CAROLINA — The state is preparing to add its first doctors practices to its medical map as lawmakers look to create a statewide medical system that can better serve patients.
Roy Cooper announced Tuesday the state is planning to launch the new system in 2019, though the exact location and timing of those appointments will be determined.
He said he wants to see how much demand there is for the new program and then plan to make appointments for all patients.
“We’re looking for more people who can come in and see our doctors.
And the reason for that is, we know that if we have more people coming in, we’ll have better outcomes,” Cooper said.
As of July 1, the state has 5,400 doctors, a decrease of about 1,000 from 2016.
A few weeks later, Cooper announced a few other changes that will help improve the state’s medical system.
The state will require all patients with a chronic health condition to receive a medical diagnosis by a primary care physician.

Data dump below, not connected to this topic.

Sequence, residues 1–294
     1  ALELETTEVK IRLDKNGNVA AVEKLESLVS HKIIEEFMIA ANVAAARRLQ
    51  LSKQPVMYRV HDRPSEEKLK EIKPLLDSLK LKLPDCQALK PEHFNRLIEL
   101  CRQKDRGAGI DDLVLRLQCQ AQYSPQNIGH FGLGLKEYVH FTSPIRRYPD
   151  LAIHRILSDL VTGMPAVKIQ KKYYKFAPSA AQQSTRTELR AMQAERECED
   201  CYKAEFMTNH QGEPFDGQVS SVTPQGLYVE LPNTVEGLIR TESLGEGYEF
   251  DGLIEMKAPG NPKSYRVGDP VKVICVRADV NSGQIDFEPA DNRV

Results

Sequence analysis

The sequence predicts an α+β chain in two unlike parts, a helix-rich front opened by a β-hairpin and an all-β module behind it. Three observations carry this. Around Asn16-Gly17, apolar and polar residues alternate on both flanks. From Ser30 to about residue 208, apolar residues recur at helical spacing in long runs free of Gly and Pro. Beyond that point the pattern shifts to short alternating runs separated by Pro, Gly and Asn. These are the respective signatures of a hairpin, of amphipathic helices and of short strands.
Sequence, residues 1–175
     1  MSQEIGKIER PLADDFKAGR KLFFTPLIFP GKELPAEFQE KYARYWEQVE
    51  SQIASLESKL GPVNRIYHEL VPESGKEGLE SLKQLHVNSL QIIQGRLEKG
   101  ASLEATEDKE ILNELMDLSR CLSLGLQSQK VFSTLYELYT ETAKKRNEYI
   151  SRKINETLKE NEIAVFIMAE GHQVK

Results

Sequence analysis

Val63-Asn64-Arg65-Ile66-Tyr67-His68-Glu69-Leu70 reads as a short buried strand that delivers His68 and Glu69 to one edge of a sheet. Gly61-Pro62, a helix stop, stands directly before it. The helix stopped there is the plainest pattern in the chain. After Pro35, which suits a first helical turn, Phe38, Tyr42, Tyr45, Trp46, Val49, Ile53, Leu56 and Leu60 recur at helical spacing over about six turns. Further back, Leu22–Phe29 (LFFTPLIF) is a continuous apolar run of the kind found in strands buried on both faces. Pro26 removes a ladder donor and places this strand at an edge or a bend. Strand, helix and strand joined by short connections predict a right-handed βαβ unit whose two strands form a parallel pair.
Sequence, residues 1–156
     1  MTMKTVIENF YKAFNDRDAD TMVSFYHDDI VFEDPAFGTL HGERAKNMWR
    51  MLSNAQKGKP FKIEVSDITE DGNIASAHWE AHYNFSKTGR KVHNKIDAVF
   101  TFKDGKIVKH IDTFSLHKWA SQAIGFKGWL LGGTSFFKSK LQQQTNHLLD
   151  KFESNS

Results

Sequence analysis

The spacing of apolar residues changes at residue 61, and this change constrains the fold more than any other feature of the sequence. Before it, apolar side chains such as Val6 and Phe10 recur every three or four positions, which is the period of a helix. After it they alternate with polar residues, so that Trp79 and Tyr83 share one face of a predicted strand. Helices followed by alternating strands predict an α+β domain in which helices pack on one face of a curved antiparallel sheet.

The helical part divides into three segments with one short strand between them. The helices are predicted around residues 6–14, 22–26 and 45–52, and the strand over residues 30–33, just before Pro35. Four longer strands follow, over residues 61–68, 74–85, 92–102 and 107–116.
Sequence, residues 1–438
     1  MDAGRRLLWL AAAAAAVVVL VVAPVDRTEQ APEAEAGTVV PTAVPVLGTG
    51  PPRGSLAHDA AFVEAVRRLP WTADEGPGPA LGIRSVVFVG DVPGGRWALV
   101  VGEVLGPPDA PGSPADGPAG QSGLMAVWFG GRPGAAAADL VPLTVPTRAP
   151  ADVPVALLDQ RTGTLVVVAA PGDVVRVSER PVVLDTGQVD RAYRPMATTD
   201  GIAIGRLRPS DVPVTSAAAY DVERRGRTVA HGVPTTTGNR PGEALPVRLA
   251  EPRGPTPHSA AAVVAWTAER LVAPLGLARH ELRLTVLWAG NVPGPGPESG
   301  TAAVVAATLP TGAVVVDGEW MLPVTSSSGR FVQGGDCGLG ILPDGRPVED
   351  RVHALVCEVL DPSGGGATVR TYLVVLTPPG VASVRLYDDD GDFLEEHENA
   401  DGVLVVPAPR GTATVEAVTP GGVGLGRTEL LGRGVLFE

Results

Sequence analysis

And in 2019 the state will allow residents to bring in their own primary care doctors, instead of having to wait in the office for one to come in.
The state will also be adding a primary health care physician to the state health board.
The new doctor would be appointed by the governor and would have access to patient records, including the names and home addresses of doctors and nurses.
The doctor would also have the authority to refer patients to other health care providers for medical problems, Cooper said in a news release.
Cooper said the new doctors will be in charge of prescribing drugs and procedures to patients, and they will be required to adhere to the highest standards for quality and safety.